Data from NASA/ESA’s Hubble Space Telescope detected what could be the first hint of Water on Trappist-1. Trappist-1 is a dwarf star with seven Earth-sized planets. Scientists believe that the outer planets in the system might have huge amounts of water on them, making them potentially habitable.

The neighboring star system is located at roughly 40 light-years away. The possibility of the outer planets having water was predicted on Feb. 22, 2017. Aside from possibly having water, the Trappist-1 system is also known because it is the nearest star system with the greatest number of Earth-sized planets

Detecting water

Ultraviolet radiation from planets plays a big role in this detecting the presence of water.

Vincent Bourrier of the Observatoire de l’Université de Genève led the study. They used the Space Telescope Imaging Spectrograph (STIS) inside the Hubble Space telescope to analyze the ultraviolet radiation coming from all the seven planets in the star system.

According to Bourrier, ultraviolet radiation is important in order to understand the evolution of planets. On Earth, ultraviolet sunlight breaks molecules while in the atmosphere of exoplanets in Trappist-1 it breaks water vapor into oxygen and hydrogen. Hydrogen gas escapes from the exoplanet’s atmosphere. The gas that serves as an indicator of atmospheric water vapor can be detected by astronomers using the Hubble Space Telescope. The presence of escaped atmospheric gas could be an indicator that water still exists on the Earth-sized exoplanets in the star system.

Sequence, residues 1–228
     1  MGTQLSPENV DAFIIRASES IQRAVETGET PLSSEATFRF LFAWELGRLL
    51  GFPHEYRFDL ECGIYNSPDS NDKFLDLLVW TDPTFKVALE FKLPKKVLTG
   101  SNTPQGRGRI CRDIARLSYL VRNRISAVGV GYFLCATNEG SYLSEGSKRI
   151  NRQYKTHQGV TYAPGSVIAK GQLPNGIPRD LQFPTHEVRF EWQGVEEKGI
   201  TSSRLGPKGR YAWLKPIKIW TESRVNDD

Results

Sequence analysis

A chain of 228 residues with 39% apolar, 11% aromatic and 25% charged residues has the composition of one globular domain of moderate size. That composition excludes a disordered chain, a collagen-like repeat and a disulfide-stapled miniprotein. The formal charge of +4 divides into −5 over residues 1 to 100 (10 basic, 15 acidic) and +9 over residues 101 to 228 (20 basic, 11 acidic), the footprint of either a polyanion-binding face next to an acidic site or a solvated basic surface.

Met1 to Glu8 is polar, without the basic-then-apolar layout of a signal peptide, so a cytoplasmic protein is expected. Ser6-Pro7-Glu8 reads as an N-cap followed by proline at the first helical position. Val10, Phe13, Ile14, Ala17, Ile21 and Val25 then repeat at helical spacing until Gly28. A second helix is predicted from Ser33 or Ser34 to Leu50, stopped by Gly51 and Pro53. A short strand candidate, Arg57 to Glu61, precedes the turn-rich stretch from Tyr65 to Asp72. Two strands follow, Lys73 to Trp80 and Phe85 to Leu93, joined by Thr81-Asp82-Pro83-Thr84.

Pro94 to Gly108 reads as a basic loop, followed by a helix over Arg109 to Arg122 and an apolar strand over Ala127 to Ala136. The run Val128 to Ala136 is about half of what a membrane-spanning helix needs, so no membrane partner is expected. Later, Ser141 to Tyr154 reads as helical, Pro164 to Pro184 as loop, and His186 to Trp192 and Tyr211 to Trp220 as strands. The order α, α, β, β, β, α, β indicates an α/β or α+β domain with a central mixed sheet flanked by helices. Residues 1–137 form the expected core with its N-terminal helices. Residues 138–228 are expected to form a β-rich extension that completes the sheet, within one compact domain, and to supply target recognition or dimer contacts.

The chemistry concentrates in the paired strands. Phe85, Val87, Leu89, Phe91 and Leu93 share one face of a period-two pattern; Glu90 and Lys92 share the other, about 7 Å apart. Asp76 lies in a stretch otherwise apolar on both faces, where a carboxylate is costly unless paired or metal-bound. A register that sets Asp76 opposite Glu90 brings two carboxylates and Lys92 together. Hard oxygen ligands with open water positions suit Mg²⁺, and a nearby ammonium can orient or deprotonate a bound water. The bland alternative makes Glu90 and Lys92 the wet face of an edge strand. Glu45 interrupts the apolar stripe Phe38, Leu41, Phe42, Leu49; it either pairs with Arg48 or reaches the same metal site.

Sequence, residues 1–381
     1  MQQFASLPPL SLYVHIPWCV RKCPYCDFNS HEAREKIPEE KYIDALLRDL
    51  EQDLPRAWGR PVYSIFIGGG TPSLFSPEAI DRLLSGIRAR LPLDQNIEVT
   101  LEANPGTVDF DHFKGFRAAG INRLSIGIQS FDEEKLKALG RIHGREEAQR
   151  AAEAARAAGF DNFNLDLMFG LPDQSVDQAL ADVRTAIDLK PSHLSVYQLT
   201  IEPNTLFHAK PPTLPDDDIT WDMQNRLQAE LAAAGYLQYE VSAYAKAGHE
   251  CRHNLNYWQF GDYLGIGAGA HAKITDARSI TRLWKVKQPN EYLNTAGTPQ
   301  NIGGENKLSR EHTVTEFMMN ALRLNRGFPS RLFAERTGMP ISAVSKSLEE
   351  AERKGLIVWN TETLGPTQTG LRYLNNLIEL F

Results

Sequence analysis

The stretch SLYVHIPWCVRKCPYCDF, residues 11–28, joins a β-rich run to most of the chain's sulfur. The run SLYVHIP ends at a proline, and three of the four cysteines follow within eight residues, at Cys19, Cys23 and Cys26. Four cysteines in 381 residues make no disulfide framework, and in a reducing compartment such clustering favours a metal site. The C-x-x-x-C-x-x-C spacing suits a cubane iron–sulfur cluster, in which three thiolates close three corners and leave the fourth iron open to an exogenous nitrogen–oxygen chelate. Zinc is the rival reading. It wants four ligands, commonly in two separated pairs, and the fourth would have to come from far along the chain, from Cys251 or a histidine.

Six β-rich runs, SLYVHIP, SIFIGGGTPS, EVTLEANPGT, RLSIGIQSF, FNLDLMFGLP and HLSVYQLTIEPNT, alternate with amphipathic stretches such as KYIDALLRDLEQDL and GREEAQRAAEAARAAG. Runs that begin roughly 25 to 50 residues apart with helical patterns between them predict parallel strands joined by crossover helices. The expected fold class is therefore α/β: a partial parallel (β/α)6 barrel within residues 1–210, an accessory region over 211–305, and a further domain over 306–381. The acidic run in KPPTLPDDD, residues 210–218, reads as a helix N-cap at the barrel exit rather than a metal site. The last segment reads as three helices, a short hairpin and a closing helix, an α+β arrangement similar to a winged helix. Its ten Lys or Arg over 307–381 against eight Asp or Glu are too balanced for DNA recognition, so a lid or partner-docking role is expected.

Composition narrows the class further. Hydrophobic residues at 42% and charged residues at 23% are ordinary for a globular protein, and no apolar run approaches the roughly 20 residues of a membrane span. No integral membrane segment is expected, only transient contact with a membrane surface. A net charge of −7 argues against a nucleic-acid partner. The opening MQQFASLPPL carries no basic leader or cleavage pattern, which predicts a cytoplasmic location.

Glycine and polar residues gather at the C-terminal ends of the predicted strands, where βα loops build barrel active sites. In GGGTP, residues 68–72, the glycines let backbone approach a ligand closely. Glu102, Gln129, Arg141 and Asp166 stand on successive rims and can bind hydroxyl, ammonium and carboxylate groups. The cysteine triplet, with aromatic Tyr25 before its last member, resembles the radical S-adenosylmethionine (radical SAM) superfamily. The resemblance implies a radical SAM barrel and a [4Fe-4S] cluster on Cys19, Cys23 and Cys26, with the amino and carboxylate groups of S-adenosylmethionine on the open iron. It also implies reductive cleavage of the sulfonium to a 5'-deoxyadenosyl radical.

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Due to the amount of ultraviolet radiation, scientists assumed that the exoplanets could have lost a large amount of water through time. Based on their observation, water loss is more dominant in the two innermost planets called Trappist-1b and Trappist-1c. This is because the two receive the highest amount of ultraviolet radiation from the Sun.

Habitable zone

Based on the estimate of the astronomers, the inner planets could have already lost about 20 times the water on Earth in the last eight billion years. But the outer most planets namely Trappist-1e, Trappist-1f and Trappist 1g are inside the “Habitable zone”. It is the area receiving just enough sunlight to allow liquid water to exist. Exoplanets found within the zone are considered as potentially habitable planets due to their possible water content. This means that the outermost planets may have retained water on their surfaces. With the ultraviolet radiation and calculated water loss included, the outermost planets are still presumed to have flowing liquid water.

Despite the positive result of the investigation, there is no conclusive evidence yet that says there is still water on Trappist-1. Telescopes are not enough to gather data, therefore, additional investigations using more advanced equipment is necessary to conclude for a fact that water still exists on the said star system.